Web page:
Top 5 silliest state tax hikes
With states facing a collective $175 billion budget shortfall, legislatures across the country are proving the old aphorism, “necessity is the mother of invention” — even if that invention is as absurd as the “Shake Weight.”
The Daily Caller has compiled a list of the five silliest revenue raisers implemented and floated in the rush to raise money for state coffers. While some voters might be angry about the overspending that has brought about these tax hikes, the creativity is undeniable and, in a weak moment, almost impressive.
Without further ado, here are the five silliest state tax hikes:
If you own a vacation home in New York, consider yourself a resident
Don’t buy a vacation home in New York anytime soon. Last month, a New York court ruled that a New Canaan, Connecticut couple’s income is subject to New York state taxes because they own a vacation home on Long Island. Even though they visit the home only a few times a year, it will cost them an additional $1.06 million in taxes – merely because the court ruled that the home was inhabitable year-round.
The Wall Street Journal reports that this is an unprecedented ruling, but one that will not easily be overturned:
Under the recent ruling, this might change for many out-of-state residents who own vacation homes or apartments here. In effect, it reinterprets what counts as a permanent residence…”This is going to open up a Pandora’s box,” says Eric Kramer, a tax attorney in Uniondale, N.Y. “I don’t think anyone previously thought vacation homes would count as a permanent residence.”
In Colorado, a steep tax increase on bull semen
In an effort to close the $2.2 billion budget shortfall, Colorado passed legislation last year to levy a 2.9 percent sales tax on candy, soda, software, direct mail “nonessential” food items purchased by restaurants (like napkins and plastic silverware), agricultural compounds like bull semen, and online sales.
During the November elections, the state House flipped to a Republican majority for the first time in six years. The GOP now has legislation in the works to repeal some of the taxes imposed by their more liberal brethren last year.
California Internet sales
In January, Democratic Berkeley Assemblywoman Nancy Skinner introduced a bill to require that all online out-of-state retailers collect state sales taxes for purchases sold in California. Skinner estimates that the tax will generate an extra $300 million for the cash-strapped state.
While the assemblywoman believes the tax will be a boon for government’s coffers, low tax advocates say, “not so fast.” In-state affiliates who receive commissions from sites they link to, like Amazon.com, will likely lose their deals with big merchants.
According to Patrick Gleason of the Americans for Tax Reform and Kelly Cobb of the Digital Liberty Project, states (like North Carolina and Rhode Island) that already have enacted taxes on online “affiliates” have generated no additional revenue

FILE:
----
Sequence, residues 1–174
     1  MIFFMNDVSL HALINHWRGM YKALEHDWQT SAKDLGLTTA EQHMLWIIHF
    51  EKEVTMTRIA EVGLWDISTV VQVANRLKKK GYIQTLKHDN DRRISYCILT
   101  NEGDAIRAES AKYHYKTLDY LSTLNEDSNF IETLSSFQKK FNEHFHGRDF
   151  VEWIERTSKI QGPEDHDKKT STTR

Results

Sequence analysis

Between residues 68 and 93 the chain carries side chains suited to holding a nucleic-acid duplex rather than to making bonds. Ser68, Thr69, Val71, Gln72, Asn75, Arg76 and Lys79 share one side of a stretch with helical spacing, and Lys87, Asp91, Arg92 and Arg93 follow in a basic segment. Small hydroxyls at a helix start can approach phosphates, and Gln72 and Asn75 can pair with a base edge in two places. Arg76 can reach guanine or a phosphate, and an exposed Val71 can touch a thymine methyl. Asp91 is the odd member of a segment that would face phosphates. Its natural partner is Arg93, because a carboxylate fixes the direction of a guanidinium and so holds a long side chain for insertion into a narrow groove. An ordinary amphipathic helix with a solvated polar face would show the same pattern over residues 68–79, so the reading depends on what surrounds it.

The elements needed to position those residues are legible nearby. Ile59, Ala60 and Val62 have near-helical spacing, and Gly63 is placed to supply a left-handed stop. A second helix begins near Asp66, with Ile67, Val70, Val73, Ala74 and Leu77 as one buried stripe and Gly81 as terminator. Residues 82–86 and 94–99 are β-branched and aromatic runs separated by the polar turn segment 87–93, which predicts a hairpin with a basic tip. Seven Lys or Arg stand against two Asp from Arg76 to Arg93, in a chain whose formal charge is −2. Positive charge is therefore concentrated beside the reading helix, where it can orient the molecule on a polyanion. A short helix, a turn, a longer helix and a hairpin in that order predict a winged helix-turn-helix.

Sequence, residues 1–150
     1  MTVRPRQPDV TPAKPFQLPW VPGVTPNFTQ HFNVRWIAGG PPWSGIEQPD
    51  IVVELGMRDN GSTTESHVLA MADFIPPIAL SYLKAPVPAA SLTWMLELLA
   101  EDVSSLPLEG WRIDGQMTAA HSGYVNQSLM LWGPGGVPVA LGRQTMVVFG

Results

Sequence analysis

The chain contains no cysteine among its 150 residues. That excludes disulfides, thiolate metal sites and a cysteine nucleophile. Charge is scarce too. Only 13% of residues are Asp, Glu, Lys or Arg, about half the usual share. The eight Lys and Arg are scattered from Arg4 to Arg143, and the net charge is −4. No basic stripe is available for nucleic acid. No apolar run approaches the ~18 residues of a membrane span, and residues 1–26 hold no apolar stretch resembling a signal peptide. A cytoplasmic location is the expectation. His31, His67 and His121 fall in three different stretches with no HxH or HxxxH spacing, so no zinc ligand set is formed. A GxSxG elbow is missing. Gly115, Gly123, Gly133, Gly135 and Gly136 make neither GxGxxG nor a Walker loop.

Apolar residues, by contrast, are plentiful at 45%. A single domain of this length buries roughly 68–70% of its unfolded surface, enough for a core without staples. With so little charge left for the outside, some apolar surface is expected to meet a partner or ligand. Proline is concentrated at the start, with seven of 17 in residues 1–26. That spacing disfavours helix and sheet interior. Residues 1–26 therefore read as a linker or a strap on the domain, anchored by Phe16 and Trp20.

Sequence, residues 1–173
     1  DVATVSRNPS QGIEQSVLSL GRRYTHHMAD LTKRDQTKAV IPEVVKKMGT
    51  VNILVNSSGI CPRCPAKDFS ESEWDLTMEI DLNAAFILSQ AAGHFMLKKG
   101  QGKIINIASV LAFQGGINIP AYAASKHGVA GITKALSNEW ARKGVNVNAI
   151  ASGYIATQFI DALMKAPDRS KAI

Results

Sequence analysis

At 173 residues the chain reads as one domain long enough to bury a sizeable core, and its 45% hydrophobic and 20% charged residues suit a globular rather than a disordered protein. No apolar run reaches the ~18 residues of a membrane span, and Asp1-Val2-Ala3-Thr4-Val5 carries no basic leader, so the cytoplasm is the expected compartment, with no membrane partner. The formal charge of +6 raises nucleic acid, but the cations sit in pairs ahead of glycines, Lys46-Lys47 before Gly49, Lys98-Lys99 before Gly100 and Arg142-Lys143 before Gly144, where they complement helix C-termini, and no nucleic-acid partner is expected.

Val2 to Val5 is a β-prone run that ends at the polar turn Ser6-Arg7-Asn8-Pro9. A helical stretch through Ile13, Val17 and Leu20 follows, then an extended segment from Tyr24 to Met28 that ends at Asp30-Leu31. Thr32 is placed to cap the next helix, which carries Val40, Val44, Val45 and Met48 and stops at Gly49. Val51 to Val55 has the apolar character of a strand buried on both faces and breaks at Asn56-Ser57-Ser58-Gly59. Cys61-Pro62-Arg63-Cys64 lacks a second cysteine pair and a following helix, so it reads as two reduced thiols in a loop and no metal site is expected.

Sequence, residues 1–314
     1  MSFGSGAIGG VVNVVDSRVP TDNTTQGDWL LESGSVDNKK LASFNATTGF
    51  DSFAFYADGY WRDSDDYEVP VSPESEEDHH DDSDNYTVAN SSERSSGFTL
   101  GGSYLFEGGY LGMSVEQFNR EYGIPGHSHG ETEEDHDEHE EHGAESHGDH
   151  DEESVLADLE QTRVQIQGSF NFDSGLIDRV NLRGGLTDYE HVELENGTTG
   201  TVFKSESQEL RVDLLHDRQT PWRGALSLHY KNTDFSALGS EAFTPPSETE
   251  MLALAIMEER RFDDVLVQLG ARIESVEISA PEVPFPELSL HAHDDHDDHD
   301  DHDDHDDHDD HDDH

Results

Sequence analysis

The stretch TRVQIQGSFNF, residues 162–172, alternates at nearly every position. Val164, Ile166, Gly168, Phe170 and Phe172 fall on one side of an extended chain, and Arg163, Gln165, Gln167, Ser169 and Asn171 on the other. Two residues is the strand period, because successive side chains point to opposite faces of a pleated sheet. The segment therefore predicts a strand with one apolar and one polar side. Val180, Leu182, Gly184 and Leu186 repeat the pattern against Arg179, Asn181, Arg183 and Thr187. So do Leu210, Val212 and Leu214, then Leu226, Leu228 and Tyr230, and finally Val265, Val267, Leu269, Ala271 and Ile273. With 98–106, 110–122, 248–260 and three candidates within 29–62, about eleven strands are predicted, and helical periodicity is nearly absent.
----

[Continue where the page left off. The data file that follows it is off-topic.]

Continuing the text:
“The affiliate tax has hurt Rhode Island businesses and stifled their growth, as they’ve been shut out of some of the world’s largest marketplaces, and should be repealed immediately,” said former Rhode Island Democratic General Treasurer Frank T. Caprio.
You’ve heard of a sales tax? How about a sex tax?
Since legalizing prostitution in select counties in Nevada over thirty years ago, the state considered taxing sex for the first time to help close their $2.8 billion revenue gap. The bill proposed would have levied a $5 customer service tax on various sex acts.
“I don’t know why people won’t recognize that we have a legal industry,” said Democratic state Sen. Bob Coffin, who estimates that the measure could bring in $2 million in additional revenue if enacted. “I’m willing to go in and do the dirty work if no one else will.”
Coffin’s novel idea was defeated, however, in a 4-3 state Senate committee vote.
SUV tax in Texas
Everything is bigger in Texas, well at least until they start levying taxes on big cars. State officials in the long horn state are reportedly considering imposing a $100 surcharge on vehicles that do not meet federal fuel efficiency standards. It is estimated that such a charge could amount to $115.3 million in revenue for the state.
Opponents of the tax, however, argue that those driving big cars already pay more than their share in gas tax money and that it is unfair to tax them further.
“If you don’t get as good mileage, you buy more gas,” said Bill Wolters, president of the Texas Automobile Dealers Association. “The sale of motor vehicles is a great revenue source for Texas. It’s counterproductive to add a surcharge.”